While it might not be entirely fair to say that Resident Evil has been universally bad in recent years, the once-revered franchise has definitely seen better days. Recent entries have struggled to balance the series’ signature blend of horror and hi-tech action, and the last mainline installment veered too heavily into shooter territory. As a franchise fan, it’s been disheartening, to say the very least.
So, despite enjoying the direction Capcom was taking with the duo of Revelations titles, it was sort of a joy to see Resident Evil VII‘s reveal be something entirely unexpected. During Sony’s press conference yesterday, the VR “Kitchen” teaser Capcom had previously put out wound up being a drastically different direction for their flagship franchise. And, after spending some time with the demo, “different” doesn’t even begin to describe it.
This first-person teaser puts players in the role of an unnamed man who wakes up in a decrepit, rotting house in the middle of the country. There’s a TV blaring static next to him, and a busted fusebox across the room for him. A nearby note threatens to dash him against the rocks, and from there, players have to traverse the house, in hopes of escaping with their lives.
Of course, anyone who’s played a horror game in their life will know it won’t be that easy. While the threat isn’t obvious at first, it becomes readily apparent that you aren’t alone in the house. When you pry a pair of bolt cutters from a cow’s corpse, someone throws a mutilated doll at you. After finding a key, a sinister figure walks past the doorway. Mannequins mysteriously turn to face you after you turn your back on them for a few seconds. It’s made clear that there’s a palpable, tangible threat present, but unlike previous titles, there is literally nothing you can do about it.
That’s right, Resident Evil VII takes a cue from modern horror titles, in that it’s just you, some ominous noises, and a bunch of jump scares. No shootouts or knife fights. No rocket launchers to villains’ skulls. No punching boulders. It’s a much more minimalist and subdued experience. However, there being an inventory present does suggest that the series’ famous emphasis on item management could make a return in the final project.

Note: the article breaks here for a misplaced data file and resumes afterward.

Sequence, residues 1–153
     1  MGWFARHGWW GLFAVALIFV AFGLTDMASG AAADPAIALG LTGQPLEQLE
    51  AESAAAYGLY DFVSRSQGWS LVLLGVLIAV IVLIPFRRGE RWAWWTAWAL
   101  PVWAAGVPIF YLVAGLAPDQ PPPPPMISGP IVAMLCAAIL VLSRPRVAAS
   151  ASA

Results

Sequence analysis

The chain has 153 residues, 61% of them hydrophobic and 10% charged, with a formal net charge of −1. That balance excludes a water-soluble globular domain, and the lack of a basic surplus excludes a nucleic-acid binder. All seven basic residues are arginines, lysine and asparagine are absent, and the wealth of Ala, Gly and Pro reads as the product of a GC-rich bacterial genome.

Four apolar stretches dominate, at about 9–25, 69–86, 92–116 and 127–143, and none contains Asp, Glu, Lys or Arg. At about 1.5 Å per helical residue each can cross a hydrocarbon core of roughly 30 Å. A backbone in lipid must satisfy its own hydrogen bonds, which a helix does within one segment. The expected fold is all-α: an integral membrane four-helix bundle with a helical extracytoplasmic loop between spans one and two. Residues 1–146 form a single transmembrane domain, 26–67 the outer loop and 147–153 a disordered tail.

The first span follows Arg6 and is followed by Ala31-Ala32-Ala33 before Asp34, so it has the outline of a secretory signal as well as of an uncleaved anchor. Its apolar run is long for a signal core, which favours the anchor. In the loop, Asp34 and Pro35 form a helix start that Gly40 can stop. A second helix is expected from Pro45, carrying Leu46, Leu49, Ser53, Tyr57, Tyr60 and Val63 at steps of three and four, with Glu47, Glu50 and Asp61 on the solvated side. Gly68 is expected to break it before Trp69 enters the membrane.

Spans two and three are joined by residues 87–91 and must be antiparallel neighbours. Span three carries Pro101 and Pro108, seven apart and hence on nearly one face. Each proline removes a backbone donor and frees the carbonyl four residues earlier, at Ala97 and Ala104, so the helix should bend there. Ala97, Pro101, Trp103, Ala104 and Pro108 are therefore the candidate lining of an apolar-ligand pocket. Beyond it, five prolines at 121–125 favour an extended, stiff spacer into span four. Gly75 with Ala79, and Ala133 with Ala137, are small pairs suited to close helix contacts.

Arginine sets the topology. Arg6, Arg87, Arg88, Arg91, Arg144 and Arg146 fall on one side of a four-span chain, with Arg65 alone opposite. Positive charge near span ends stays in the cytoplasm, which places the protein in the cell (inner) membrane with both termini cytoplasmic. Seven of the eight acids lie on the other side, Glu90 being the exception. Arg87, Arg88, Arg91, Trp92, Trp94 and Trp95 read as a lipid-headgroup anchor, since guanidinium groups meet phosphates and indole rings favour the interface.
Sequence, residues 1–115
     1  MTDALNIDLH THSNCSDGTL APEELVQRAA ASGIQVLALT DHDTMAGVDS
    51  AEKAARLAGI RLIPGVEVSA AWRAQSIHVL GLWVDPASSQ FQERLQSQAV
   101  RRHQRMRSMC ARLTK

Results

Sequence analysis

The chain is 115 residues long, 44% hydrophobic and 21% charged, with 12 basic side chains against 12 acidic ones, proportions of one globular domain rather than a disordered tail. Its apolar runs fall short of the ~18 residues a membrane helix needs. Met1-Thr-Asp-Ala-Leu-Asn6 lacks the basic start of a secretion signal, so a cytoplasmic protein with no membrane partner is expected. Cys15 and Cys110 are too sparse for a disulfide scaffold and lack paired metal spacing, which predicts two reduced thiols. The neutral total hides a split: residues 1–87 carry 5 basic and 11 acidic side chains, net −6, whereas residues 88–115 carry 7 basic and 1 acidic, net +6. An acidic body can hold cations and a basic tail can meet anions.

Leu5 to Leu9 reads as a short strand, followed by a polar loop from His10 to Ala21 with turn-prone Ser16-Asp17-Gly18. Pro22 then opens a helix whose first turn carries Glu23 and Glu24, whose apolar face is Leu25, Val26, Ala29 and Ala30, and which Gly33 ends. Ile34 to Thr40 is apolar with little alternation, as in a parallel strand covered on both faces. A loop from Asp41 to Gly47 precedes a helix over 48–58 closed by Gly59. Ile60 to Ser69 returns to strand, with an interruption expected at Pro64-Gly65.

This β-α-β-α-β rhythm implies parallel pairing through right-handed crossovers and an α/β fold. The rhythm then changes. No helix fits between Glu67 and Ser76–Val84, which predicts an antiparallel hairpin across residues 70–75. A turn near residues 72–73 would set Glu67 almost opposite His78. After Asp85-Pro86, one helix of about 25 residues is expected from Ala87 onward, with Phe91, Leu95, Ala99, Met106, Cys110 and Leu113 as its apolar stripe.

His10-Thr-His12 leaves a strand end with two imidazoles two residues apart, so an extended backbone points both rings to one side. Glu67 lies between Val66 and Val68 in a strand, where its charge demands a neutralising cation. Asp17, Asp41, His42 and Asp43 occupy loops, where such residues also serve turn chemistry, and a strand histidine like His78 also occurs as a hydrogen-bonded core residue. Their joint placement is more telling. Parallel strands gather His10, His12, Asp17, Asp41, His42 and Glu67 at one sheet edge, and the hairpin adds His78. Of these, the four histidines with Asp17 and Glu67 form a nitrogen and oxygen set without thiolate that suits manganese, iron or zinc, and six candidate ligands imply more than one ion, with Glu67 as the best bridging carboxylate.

During my time with the demo, I got to see two different potential endings. Neither of them were particularly pleasant, and both of them were brought about by doing different playthroughs. Taking a page from PT‘s playbook, doing things in alternating orders will give players access to deviating paths and different items to use. Given that there are two items I have yet to figure out how to use, it’s safe to assume the demo has a few more tricks up its sleeve.
Now, I’ll be the first to say that I’m a bit sick of “walk here, push a button, get spooked” sorts of games. Many of them, like the Amnesia: A Machine for Pigs or this year’s lacklustre Layers of Fear, devolve into dull “walking simulators” with creepy noises. But Resident Evil VII, if we’re to believe this demo is indicative of the final product, seems to have a bit more depth to it. The alternating paths and ability to collect interactive videotapes (as in, you play from the perspective of the cameraperson,) belie more gameplay depth than other, similar products.
That being said, it’s hard not to be a tad cautious about this direction. If Capcom really, truly is moving their franchise in this direction, it feels more like a case of “me too” as opposed to trying to truly evolve their franchise. There is a way to take the series’ now-standard third-person shooting and do something fresh with it. The Evil Within proved that. Heck, both Revelations titles proved it. In a strange way, Capcom radically changing the series to fit current conventions is actually the safest choice they could make. YouTube streamers will undoubtedly find a lot of fodder here, and I’m not so sure that’s a good thing. Tense action and resource management’s always been a staple of the Resident Evil brand; jump scares and minimal interaction, not so much.
Yet, as I said above, it’s hard not to be at least a little excited about Resident Evil VII. This is the first time the series has been genuinely scary in a long time. Even if it’s taking cues from other games on the market, this demo is leaps and bounds better than most of those. With the addition of more mechanics and a fleshed-out narrative, Capcom could have a potential contender on their hand.
So when a rabid man in a jumpsuit punched me in the face and grunted, “welcome to the family,” it was hard not to feel it. Because, for the first time in a while, I felt like Resident Evil was trying to pull me in and scare me. And that, to me, is a most welcome change indeed.